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Published byBarrie Robertson Modified over 7 years ago
Introduction Chapter 1
Types of sentences
Phrases and clauses
Difference ClausePhrase Can form a sentence on its own Subject – verb – (Conjunction) Can’t Two or more words: [noun phrase, verb phrase, prepositional phrase…etc.]
Types of Subjects (Pronouns)
Types of Subjects (Nouns)
Types of Subjects (Clauses)
Types of Subjects (Phrase)
6. Megan weighs the same as Christy. _______________ 7. The birds flew into the woods. _______________ 8. The wind blew stronger today. _______________ 9. The principal said the assembly would start at 2:00. _______________ 10. The herd of buffalo scattered over the land. _______________ 11. The movie was too scary for me. _______________
Verb Tense Review The Importance of Time Verb tense expresses the time of an event or action. Time is very important to English. The English language has many tenses. In this lesson, we will review the meaning of each verb tense.
The Simple Present Tense Expresses a habit or often repeated action. Adverbs of frequency such as, often, seldom, sometimes, never, etc. are used with this tense. She goes to work everyday. They always eat lunch together.
The Simple Present Tense This tense also expresses general truths or facts that are timeless. Snow falls in December in Minnesota. Water boils at 100 degrees Celsius.
The Present Continuous This tense is used to describe an action that is occurring right now (at this moment, today, this year, etc.). The action has begun and is still in progress. She is typing a paper for her class. He is editing his thesis right now.
The Present Continuous The present continuous can also be used to describe an action that is occurring in the present, but is temporary. John is living in Modesto, but he might move soon.
The Simple Past We use the simple past to indicate exactly when an action or event took place in the past. I visited my sister yesterday. We went out to dinner last night.
The Simple Past The simple past is used to describe actions and/or events that are now completed and no longer true in the present. I attended MIT in 1998. (I no longer attend MIT.) I lived in Toronto for five years. (Now I live in Thailand.)
The Past Continuous The past continuous is used for activities that were happening at a specific point of time in the past. I was studying for an exam while my mother was cooking dinner. We were walking in the park around 7 p.m. last night.
The Past Continuous The past continuous is often used with the simple past to show that one action was in progress when another action occurred. I was taking a bath when the doorbell rang. They were eating dinner when the neighbors stopped by for a visit.
The Present Perfect The present perfect is used to talk about an event that began in the past and continues up to the present (not finished). He has lived in Salaya for two years. (He began living in Salaya two years ago and he still lives there.)
The Present Perfect The present perfect is also used to talk about an event that was completed in the past, but the specific time of the event is not important (at any time). I have seen that movie before. He has already visited Vietnam. (Specific dates and times are not mentioned.)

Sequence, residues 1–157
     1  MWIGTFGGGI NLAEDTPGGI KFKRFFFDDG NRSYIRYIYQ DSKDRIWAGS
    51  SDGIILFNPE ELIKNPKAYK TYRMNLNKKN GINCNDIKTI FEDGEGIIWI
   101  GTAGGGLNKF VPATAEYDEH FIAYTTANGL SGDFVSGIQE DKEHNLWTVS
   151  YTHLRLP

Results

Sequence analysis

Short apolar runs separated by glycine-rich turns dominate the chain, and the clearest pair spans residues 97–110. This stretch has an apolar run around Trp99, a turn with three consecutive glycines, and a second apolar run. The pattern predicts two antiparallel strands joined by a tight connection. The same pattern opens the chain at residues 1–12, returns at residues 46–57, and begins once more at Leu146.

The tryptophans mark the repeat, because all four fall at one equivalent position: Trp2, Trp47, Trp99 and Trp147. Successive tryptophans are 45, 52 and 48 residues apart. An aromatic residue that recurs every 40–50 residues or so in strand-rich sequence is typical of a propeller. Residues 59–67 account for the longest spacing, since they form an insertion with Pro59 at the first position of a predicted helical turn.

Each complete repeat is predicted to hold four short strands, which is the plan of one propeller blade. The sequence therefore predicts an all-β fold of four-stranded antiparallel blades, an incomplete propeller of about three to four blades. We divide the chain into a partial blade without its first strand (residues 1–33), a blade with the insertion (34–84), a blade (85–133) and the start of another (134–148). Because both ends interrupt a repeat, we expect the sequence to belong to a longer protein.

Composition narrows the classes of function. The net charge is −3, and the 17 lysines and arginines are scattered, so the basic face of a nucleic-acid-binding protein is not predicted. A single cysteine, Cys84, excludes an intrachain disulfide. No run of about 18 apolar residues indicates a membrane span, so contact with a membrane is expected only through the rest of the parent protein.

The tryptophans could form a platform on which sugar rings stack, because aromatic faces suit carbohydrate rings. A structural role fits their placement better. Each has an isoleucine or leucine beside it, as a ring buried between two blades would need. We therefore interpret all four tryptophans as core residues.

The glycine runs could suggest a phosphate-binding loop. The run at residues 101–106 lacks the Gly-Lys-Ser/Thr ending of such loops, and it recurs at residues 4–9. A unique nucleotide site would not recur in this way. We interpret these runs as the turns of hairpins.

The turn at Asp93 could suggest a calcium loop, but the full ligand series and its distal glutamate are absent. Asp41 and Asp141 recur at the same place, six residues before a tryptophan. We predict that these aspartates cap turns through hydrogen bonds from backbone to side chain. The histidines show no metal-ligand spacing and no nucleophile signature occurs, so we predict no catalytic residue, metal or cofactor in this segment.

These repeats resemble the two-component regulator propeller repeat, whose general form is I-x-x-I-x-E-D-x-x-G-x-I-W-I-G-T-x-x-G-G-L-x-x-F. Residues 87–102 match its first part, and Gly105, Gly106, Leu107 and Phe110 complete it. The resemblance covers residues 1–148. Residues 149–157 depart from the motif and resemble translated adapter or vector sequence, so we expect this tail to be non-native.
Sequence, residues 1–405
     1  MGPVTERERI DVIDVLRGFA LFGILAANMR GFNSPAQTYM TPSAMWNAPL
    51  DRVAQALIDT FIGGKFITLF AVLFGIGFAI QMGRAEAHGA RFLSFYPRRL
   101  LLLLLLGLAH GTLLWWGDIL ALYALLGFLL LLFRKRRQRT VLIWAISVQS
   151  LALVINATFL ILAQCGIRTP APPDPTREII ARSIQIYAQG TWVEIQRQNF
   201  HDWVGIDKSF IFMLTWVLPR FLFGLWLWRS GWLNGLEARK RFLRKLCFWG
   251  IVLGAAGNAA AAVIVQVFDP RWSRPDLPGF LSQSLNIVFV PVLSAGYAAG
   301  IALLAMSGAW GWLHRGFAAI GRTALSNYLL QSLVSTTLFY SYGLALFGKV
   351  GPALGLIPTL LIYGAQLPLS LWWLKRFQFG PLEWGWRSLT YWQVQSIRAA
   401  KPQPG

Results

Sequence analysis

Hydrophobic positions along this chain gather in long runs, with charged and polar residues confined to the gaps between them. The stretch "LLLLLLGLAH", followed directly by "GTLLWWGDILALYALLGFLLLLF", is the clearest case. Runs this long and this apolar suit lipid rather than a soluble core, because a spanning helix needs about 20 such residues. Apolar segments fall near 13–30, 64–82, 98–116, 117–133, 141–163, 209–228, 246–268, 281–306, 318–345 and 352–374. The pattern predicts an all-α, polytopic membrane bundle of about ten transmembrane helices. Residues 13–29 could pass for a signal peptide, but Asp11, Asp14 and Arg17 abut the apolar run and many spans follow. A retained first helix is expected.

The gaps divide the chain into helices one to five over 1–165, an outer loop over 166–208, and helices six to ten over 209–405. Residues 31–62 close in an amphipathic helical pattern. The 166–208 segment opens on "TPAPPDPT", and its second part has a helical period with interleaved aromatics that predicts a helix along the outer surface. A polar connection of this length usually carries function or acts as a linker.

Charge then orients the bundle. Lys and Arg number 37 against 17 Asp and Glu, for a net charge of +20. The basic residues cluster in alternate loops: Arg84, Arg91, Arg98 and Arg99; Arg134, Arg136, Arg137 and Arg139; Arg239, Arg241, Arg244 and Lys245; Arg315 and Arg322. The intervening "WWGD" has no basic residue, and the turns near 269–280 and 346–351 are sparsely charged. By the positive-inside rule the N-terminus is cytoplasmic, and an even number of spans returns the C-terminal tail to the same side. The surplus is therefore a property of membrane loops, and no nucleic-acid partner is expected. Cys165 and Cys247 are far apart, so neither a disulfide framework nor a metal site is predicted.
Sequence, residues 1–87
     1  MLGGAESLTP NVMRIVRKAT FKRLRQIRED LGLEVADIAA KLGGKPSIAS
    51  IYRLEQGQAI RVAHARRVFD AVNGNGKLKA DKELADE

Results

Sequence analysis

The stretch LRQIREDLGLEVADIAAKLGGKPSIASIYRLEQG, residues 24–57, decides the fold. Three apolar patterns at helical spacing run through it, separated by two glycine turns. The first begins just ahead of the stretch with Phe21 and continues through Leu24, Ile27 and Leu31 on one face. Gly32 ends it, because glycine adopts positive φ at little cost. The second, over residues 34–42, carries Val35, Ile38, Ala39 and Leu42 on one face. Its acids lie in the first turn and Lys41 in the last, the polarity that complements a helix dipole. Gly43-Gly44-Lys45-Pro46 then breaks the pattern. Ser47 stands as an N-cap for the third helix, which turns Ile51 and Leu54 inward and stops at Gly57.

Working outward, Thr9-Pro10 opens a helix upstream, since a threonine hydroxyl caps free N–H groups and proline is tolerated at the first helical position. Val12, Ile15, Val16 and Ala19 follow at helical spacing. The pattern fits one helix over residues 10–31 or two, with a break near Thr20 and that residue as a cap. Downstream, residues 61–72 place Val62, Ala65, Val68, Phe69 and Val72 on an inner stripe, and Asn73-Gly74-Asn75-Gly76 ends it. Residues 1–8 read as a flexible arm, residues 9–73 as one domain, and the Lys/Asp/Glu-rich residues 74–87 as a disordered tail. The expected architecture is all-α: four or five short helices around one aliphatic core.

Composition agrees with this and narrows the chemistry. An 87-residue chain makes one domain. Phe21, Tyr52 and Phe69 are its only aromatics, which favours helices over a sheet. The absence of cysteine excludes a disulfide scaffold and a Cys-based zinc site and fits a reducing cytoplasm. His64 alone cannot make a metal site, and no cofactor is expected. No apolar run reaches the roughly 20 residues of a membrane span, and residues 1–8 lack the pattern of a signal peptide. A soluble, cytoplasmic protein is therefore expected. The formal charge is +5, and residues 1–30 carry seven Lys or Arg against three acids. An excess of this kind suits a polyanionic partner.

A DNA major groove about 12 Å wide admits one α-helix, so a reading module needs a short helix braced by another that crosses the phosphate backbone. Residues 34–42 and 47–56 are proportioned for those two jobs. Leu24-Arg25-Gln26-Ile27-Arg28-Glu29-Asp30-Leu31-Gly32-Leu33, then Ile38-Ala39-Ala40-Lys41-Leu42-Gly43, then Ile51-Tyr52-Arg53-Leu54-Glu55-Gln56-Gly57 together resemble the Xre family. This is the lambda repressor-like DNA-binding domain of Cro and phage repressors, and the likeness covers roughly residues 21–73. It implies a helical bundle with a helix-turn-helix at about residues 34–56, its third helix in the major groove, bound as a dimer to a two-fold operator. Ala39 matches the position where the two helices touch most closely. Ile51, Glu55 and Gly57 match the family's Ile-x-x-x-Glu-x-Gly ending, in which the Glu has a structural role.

The Present Perfect The present perfect is also used to talk about events that were completed in the past, but the specific time of the event is not important (at many times). e.g., I have seen that movie three times. I have been to Phuket twice.
Present Perfect Continuous This tense is used to describe the duration of an action that began in the past and continues into the present. We have been studying grammar for an hour. She has been cooking all day. (He is still studying and she is still cooking.)
Present Perfect Continuous This tense is also used to describe events that have been in progress recently and are rather temporary. She has been living in Bangkok for the last two months, but she plans to move soon.
The Past Perfect This tense describes completed events that took place in the past before another past event. The Titanic had received many warnings before it hit the iceberg. I had already eaten when my friend stopped by to visit. had received had eaten it hit my friend stopped by
Past Perfect Continuous This tense is used to emphasize the duration of an action that was completed before another action or event in the past. She had been driving around the city for three hours before she finally found the right office. had been driving she found the right office
The Future Will and be + going + to are often used to describe future actions. Thomas will graduate in June. Maria is going to go to Mexico next week.
The Future The simple present and present continuous are also used to express future time. These are often used used in connection with schedules. She is meeting a new client at eleven o’clock. The train leaves at 6:00 a.m. tomorrow.
The Future Continuous This tense is used to describe an event or action that will occur over a period of time at a specific point in the future. I will be teaching English at 10 a.m. tomorrow. They will be moving their furniture out of the house by the time you arrive tomorrow. at 10 a.m. tomorrow by the time you arrive
The Future Perfect This tense is used to describe an event or action that will be completed before another event or time in the future. We will have finished the exam by the time class ends tomorrow. will have finished the examclass ends
Future Perfect Continuous This tense describes an action that has been in progress for a duration of time before another event or time in the future. By the time he finishes law school, we will have been living in the U.S. for eight years. finishes law school will have been living in the U.S. for eight years
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